Preparing turf for the 2022 World Cup in Qatar is environmentally costly as an elite corps of groundskeepers have to maintain 144 green, lush fields, including eight stadium pitches and 136 training grounds https://t.co/vIhbMHNuoh pic.twitter.com/ulRV8UjgsI
— Reuters (@Reuters) February 22, 2022
Back in 2013, I ran across a most informative & entertaining series by Dave Roth, explaining the genesis of Qatar’s bid for the 2022 World Cup:
… FIFA is FIFA, which is to say it’s this sort of smuggo mafia of puffy, predatory globo-elite males in suits, all of them dedicated to extracting some sort of rent from the world’s totally helpless and justified love for soccer. And FIFA being FIFA, it has all these wildly un-transparent internal processes — everything done by design in secret, endless dodgy handshake deals between men whose handshakes are mostly worthless — that seem almost to incent lawlessness…
More recently, in 2020, questions were raised about whether the new miracle vaccines would be effective enough to prevent a global superspreader event.
And now — FIFA has been strongarmed into ‘suspending’ Russia, for the moment.
As a totally unqualified spectator, I have to assume that’s gonna screw up some of the already tight qualification scheduling between now & November, yes?
World Cup host Qatar funded a two-year, $10 million covert influence campaign against a FIFA executive committee member critical of the decision to host the tournament in the tiny Gulf nation, documents reviewed by @AP show. https://t.co/IcSzblNjH1
— The Associated Press (@AP) February 27, 2022
As head of the German soccer federation, Theo Zwanziger was among his sport’s most prominent critics of the decision to award the 2022 World Cup to Qatar. He publicly attacked the energy-rich Gulf nation’s human rights record. He questioned the wisdom of staging the world’s most popular sporting event in searing desert heat.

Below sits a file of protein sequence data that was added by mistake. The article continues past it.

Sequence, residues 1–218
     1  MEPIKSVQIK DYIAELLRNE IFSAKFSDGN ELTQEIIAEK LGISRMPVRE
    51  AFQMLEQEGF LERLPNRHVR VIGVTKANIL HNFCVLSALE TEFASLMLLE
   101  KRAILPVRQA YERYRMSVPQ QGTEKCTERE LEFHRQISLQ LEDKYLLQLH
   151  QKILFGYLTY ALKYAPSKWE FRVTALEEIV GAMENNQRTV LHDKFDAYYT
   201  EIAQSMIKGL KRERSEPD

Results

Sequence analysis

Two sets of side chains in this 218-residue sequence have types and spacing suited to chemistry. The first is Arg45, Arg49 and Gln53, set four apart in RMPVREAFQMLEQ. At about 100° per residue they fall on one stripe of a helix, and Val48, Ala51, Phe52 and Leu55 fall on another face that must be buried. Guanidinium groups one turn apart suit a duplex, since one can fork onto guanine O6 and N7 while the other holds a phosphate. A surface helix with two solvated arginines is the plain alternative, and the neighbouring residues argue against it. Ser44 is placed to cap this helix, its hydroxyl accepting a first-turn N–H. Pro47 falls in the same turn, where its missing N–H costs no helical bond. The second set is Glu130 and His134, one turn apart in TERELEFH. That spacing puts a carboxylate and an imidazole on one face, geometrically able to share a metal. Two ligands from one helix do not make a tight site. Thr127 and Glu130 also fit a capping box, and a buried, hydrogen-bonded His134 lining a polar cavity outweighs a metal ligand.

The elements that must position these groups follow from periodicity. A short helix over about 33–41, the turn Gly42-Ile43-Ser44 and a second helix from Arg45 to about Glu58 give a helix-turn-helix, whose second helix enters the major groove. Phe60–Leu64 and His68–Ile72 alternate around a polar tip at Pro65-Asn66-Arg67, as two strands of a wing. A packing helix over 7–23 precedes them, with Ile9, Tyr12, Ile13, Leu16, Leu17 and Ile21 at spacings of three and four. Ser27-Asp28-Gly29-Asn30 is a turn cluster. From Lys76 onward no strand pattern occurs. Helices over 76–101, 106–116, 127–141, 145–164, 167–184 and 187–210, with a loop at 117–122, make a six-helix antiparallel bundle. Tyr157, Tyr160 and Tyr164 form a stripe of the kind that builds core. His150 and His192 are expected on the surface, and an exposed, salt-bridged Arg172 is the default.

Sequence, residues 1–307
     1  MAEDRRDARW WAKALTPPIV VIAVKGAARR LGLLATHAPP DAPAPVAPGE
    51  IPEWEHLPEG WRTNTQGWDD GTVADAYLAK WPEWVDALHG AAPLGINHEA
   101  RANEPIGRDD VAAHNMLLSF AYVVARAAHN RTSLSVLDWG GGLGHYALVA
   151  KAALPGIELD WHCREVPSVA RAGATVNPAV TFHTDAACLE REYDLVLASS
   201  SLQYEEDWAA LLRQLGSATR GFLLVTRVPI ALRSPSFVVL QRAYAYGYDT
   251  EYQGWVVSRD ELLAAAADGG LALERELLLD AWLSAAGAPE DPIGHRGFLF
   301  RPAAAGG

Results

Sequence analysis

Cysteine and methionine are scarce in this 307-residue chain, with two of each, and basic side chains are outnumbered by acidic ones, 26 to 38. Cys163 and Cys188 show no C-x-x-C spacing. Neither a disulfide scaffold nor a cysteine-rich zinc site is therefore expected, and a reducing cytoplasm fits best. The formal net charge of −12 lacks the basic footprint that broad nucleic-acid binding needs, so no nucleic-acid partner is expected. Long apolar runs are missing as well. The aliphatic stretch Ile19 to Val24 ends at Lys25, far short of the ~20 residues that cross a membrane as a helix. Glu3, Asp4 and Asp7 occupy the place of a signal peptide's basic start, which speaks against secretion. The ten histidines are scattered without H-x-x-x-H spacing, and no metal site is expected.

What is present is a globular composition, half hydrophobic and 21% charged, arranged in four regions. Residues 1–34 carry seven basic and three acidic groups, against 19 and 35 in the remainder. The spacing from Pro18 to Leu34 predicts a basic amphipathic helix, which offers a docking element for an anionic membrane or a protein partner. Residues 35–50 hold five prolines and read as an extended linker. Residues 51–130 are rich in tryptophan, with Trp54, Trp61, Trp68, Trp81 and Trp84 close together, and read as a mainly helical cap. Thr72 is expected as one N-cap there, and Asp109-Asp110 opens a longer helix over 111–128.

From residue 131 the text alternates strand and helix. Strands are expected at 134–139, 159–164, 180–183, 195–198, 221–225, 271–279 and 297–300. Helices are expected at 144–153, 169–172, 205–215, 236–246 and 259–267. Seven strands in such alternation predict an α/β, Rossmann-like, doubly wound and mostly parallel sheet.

“The infinite wealth of this small country of Qatar spreads almost like a cancer through football and sport,” Zwanziger once said. A member of FIFA’s executive committee, he urged world soccer’s governing body to reverse its 2010 decision.
The Qatari government was so concerned by Zwanziger’s criticism that it took action. It paid more than $10 million to a company staffed by former CIA operatives for a multi-year covert influence operation codenamed “Project Riverbed,” according to internal company documents reviewed by The Associated Press.
The records indicate that the goal of the operation was to use spycraft to silence Zwanziger. It failed…
The Qatar World Cup, now scheduled to start in November, is the culmination of more than a dozen years of effort and untold billions spent to help propel the tiny desert nation onto the world stage.
The endeavor has long been dogged by allegations of corruption and wrongdoing. U.S. prosecutors said in 2020 that bribes were paid to FIFA executive committee members to gain their votes. Qatar has denied any wrongdoing.
Documents reviewed by AP provide new details about Qatar’s efforts to win and hold onto the tournament, specifically the country’s work with former CIA officer Kevin Chalker and company, Global Risk Advisors. The documents build on AP’s previous reporting about Chalker’s work for Qatar.
Qatari officials did not respond to requests for comment…